The Search (An Outsider Series Short)
The Awakening (Andy & Laura)
Secrets (Jed & Diana)
Runaway(Andy & Laura)
Overdue (An Outsider Series Short)
The Unexpected Storm (Neil & Candy)
The Wedding (Neil & Candy)
THE FRIESSENS: A NEW BEGINNING:
The Deadline (Andy & Laura)
WALK THE RIGHT ROAD SERIES:
Lost And Found
Blown Away, The Final Chapter
Logan saw the sign over the door, a big oval carved with a tree and roots. A plastic sign on the door said “Open.” Logan pulled in front, angling into a parking spot.
When he stepped out, Clinton shut the passenger door and pointed to his phone. “I generally go home for lunch,” he said. “Let me give my wife a call. I’ll be right in, Sheriff.”
Logan took in his deputy. The gun strapped to his side should have given him confidence, but the way he spoke about his wife made his courage seem fleeting.
“I’ll be inside,” Logan said.
He took in the coffeehouse, with about half a dozen tables and a glassed-in counter holding baked goods, sandwiches, and deli meats. He scanned the chalk menu board and strode up to the counter, where a woman with cropped dark hair had her back to him. She wore a white apron over a black long-sleeved shirt and blue jeans, and she turned around and glanced up at Logan with a bright smile and round face—and the most stunning green eyes he’d ever seen.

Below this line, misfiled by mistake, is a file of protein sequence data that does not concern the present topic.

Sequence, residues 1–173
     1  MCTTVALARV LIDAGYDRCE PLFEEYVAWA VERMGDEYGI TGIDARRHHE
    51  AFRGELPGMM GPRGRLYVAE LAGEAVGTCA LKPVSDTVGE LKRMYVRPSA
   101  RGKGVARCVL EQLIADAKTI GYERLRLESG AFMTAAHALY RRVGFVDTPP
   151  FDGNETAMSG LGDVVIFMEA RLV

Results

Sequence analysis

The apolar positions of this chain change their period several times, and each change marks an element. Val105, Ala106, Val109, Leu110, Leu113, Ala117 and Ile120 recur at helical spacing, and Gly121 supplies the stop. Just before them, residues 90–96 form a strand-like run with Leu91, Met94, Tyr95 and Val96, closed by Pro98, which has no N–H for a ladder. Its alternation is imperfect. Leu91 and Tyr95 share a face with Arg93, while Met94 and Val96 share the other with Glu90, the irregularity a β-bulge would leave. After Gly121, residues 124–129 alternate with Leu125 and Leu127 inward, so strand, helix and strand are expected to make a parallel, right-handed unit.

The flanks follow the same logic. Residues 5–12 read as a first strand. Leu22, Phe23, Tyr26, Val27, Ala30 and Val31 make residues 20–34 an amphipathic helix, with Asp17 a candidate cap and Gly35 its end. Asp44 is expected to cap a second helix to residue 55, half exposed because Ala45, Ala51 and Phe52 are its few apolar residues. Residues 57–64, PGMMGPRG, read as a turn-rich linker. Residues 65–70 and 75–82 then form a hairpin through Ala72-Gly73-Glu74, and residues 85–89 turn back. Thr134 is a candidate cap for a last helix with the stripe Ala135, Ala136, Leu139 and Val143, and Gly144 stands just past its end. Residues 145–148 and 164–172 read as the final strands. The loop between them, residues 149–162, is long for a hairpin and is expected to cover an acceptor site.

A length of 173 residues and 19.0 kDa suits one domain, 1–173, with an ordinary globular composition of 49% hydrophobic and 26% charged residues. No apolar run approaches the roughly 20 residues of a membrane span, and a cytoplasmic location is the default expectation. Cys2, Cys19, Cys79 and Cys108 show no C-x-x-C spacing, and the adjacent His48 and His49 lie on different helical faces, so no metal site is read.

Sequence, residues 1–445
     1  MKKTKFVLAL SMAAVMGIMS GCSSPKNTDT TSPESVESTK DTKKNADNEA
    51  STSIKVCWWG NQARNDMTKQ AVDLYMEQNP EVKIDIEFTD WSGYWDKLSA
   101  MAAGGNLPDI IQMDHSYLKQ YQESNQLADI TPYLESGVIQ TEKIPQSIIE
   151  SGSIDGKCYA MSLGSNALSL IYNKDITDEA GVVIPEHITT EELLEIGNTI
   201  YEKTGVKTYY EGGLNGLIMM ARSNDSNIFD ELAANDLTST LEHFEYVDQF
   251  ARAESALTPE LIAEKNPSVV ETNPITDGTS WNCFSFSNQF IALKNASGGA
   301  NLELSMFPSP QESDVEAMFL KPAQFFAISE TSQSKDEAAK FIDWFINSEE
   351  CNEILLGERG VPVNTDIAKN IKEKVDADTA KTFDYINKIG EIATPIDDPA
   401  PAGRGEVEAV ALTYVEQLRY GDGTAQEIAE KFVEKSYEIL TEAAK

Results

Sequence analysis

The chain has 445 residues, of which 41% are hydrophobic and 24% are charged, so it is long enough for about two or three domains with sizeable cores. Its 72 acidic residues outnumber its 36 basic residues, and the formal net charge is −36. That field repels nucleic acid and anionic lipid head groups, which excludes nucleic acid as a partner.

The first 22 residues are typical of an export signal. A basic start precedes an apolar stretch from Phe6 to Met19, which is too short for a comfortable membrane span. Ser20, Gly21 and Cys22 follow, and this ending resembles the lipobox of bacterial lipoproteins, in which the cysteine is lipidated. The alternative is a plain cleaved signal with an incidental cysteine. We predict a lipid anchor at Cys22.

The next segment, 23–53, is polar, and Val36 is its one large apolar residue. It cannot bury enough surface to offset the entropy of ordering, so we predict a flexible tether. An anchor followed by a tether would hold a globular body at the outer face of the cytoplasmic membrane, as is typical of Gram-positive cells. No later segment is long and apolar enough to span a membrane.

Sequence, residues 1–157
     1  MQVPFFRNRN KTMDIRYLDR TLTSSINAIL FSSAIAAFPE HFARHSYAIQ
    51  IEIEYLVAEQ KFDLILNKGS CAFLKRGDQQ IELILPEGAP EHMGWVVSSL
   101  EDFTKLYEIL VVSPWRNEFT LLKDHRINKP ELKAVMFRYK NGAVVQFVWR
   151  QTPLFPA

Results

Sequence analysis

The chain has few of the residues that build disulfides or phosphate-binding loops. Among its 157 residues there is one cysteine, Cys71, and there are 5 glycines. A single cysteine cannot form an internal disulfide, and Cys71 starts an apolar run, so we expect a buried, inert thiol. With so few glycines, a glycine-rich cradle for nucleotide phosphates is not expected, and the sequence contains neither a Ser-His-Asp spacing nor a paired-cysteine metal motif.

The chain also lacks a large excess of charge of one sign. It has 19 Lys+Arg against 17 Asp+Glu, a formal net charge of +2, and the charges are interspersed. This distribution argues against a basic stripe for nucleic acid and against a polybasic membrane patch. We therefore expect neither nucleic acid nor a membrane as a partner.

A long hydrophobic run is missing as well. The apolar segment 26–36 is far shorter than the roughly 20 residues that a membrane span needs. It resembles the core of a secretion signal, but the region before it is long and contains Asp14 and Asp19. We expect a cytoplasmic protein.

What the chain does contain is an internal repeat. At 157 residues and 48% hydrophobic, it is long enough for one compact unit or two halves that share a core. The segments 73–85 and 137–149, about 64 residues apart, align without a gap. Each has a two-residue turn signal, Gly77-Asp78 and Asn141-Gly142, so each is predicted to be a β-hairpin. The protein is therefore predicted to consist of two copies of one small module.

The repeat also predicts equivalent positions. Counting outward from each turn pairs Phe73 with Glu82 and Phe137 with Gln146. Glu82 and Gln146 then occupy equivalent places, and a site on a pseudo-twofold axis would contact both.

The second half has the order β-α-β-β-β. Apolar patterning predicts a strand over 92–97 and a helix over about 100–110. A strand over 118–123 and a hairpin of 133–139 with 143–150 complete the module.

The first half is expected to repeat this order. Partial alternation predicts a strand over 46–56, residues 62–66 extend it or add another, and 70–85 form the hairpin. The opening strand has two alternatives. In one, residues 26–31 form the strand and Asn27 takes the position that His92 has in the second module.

She hesitated, holding a plated sandwich. “Hey, there. I’ll be right with you,” she said. She had a killer smile as she strode around the counter and over to a table, setting a sandwich in front of an older man wearing a cowboy hat. She said something and then hurried back behind the counter. She had a neat and trim figure, with a small, rounded ass, and she wore sneakers.
Logan couldn’t take his eyes off her. He sat on one of the stools and took in her figure. Something about her had captivated him. She glanced his way, her wide eyes rimmed with long, dark lashes, all natural and so exotic. She wore not a stitch of makeup. Natural beauty, he loved it. He couldn’t help himself from taking in her round face, those soft, pink lips. She cleared her throat, setting both her hands on the counter, and his eyes went right there. No ring.
“You must be the new sheriff,” she said. As she watched him, all the light in her eyes vanished, replaced with something hard, as if she had figured him out in two seconds flat.
“I’m Logan Wilde,” he said. There was something about the way she was standing, so ramrod straight, that kept him from sticking his hand out to shake hers. No, what he wanted to do was put his hands on her, but that would definitely get him slapped. “And you are?” he finally asked, raising an eyebrow until she finally relaxed—almost, anyway. He realized this lady was not one to be toyed with. She was a difficult woman, strong, who reeled in his interest.
“Julia Cooper,” she replied. She clutched a dish rag and then tossed it down, extending her hand. “I own this place.”